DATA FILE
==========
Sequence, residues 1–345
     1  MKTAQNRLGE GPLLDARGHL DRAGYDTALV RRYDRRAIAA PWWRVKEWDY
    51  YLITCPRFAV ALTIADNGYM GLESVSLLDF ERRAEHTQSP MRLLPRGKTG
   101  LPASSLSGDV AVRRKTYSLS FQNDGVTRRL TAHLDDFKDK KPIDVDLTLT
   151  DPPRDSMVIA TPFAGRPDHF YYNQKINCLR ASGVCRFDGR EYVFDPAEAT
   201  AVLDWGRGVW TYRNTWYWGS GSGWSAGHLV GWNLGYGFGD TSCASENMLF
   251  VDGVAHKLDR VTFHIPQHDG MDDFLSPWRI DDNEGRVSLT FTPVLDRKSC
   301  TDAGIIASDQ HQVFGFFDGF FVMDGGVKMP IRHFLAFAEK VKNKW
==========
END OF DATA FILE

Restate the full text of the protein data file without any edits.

Sequence, residues 1–345
     1  MKTAQNRLGE GPLLDARGHL DRAGYDTALV RRYDRRAIAA PWWRVKEWDY
    51  YLITCPRFAV ALTIADNGYM GLESVSLLDF ERRAEHTQSP MRLLPRGKTG
   101  LPASSLSGDV AVRRKTYSLS FQNDGVTRRL TAHLDDFKDK KPIDVDLTLT
   151  DPPRDSMVIA TPFAGRPDHF YYNQKINCLR ASGVCRFDGR EYVFDPAEAT
   201  AVLDWGRGVW TYRNTWYWGS GSGWSAGHLV GWNLGYGFGD TSCASENMLF
   251  VDGVAHKLDR VTFHIPQHDG MDDFLSPWRI DDNEGRVSLT FTPVLDRKSC
   301  TDAGIIASDQ HQVFGFFDGF FVMDGGVKMP IRHFLAFAEK VKNKW